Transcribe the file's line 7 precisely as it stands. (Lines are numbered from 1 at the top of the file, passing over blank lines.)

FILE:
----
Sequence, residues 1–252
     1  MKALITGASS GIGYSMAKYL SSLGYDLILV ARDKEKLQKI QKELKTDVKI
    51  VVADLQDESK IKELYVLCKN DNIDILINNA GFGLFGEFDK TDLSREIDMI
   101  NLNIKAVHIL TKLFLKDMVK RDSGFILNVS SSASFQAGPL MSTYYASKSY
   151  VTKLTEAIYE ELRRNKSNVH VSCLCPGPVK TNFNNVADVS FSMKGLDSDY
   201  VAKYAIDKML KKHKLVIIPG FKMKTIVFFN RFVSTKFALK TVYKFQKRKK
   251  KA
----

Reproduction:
   251  KA